Keeping media free

Bill Moyers was a PBS radio personality and outspoken critic of media consolidation. During a recent media conference on reform in St Louis, Missouri, Moyers unloaded on the challenges ahead for independent media and the institutional acceptance of many in the mainstream media that it isn’t news unless an official says so. Sound familiar?

Some highlights:

In a recent essay, media commentator Jonathan Mermin discussed the failures of the mainstream media to fully understand its role, especially in time of war.

“Mermin quotes David Ignatius of the Washington Post on why the deep interests of the American public are so poorly served by beltway journalism. The “rules of our game,” says Ignatius, “make it hard for us to tee up an issue…without a news peg.” He offers a case in point: the debacle of America’s occupation of Iraq. “If Senator so and so hasn’t criticized post-war planning for Iraq,” says Ignatius, “then it’s hard for a reporter to write a story about that.”

“Mermin also quotes public television’s Jim Lehrer acknowledging that unless an official says something is so, it isn’t news. Why were journalists not discussing the occupation of Iraq? Because, says Lehrer, “the word occupation…was never mentioned in the run-up to the war.” Washington talked about the invasion as “a war of liberation, not a war of occupation, so as a consequence, “those of us in journalism never even looked at the issue of occupation.”

“In other words,” says Jonathan Mermin, “if the government isn’t talking about it, we don’t report it.” He concludes, “[Lehrer’s] somewhat jarring declaration, one of many recent admissions by journalists that their reporting failed to prepare the public for the calamitous occupation that has followed the ”˜liberation’ of Iraq, reveals just how far the actual practice of American journalism has deviated from the First Amendment ideal of a press that is independent of the government.”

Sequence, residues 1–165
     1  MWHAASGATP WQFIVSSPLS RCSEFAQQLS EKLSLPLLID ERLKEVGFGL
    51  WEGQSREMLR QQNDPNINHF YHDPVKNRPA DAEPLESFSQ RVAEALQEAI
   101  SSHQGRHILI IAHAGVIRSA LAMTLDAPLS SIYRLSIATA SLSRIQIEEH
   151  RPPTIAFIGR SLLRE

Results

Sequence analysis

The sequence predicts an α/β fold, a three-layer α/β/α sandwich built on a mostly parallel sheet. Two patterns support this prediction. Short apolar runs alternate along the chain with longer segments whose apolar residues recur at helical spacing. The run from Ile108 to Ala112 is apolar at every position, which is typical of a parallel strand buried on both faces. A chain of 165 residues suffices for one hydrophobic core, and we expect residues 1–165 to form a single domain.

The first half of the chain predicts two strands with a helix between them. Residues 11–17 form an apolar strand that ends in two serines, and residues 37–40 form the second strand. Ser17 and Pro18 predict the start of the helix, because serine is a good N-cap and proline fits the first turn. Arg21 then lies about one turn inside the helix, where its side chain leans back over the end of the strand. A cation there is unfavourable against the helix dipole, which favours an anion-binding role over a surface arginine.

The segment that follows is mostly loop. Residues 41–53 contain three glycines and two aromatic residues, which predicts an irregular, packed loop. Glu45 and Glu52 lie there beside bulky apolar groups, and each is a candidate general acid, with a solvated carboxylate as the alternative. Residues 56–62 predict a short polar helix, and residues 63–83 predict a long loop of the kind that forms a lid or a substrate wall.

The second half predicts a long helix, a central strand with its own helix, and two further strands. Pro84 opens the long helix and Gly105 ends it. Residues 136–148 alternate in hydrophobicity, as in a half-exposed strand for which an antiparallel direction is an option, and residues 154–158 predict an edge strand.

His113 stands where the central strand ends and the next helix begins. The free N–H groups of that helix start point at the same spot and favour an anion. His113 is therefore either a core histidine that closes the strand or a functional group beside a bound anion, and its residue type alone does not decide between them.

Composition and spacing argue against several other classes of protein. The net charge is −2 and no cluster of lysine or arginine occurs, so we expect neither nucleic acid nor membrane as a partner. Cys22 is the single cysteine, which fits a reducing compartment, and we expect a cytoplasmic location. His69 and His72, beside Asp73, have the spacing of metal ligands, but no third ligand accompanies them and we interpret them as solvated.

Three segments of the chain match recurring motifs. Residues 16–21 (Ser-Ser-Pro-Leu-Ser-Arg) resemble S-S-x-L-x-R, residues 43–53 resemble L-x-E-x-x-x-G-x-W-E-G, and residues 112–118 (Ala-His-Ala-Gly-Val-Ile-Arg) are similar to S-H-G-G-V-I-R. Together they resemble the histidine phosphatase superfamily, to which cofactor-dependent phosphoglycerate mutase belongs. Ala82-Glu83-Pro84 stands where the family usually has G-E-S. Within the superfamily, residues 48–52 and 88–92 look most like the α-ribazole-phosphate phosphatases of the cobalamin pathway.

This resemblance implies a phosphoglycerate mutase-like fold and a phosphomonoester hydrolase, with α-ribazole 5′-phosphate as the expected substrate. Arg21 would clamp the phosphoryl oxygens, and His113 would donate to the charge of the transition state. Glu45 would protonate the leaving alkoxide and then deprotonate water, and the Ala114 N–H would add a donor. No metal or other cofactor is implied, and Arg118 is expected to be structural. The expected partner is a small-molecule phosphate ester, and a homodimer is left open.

“Take the example (also cited by Mermin) of Charles J. Hanley. Hanley is a Pulitzer Prize winning reporter for the Associated Press, whose fall 2003 story on the torture of Iraqis in American prisons – before a U.S. Army report and photographs documenting the abuse surfaced – was ignored by major American newspapers. Hanley attributes this lack of interest to the fact that “It was not an officially sanctioned story that begins with a handout from an official source.” Furthermore, Iraqis recounting their own personal experience of Abu Ghraib simply did not have the credibility with beltway journalists of American officials denying that such things happened. Judith Miller of The New York Times, among others, relied on the credibility of official but unnamed sources when she served essentially as the government stenographer for claims that Iraq possessed weapons of mass destruction.”

We are increasingly fed government sanctioned leaks as “news”. In Australia, and the intimacy of the establishment press, taking a risk on a story requires more than just a hunch and a great lead. Progressives need to better engage with the wider public and convince people that stories like this (a suggestion by outgoing ASIO director-general, Dennis Richardson that “ASIO’s powers to question and detain those suspected of being involved with terrorists or having information about them should be permanently enshrined in legislation”) are simply another unacceptable step in interfering with our lives. Besides, like the torture debate, to give power to institutions that have become so politicised under the Howard reign, would be folly in the extreme.

As Crikey reported this week, we are likely to see before year’s end a major overhaul of the country’s cross media laws. Christian Kerr’s report should be required reading for anyone arguing greater diversity will be the result of the changes.

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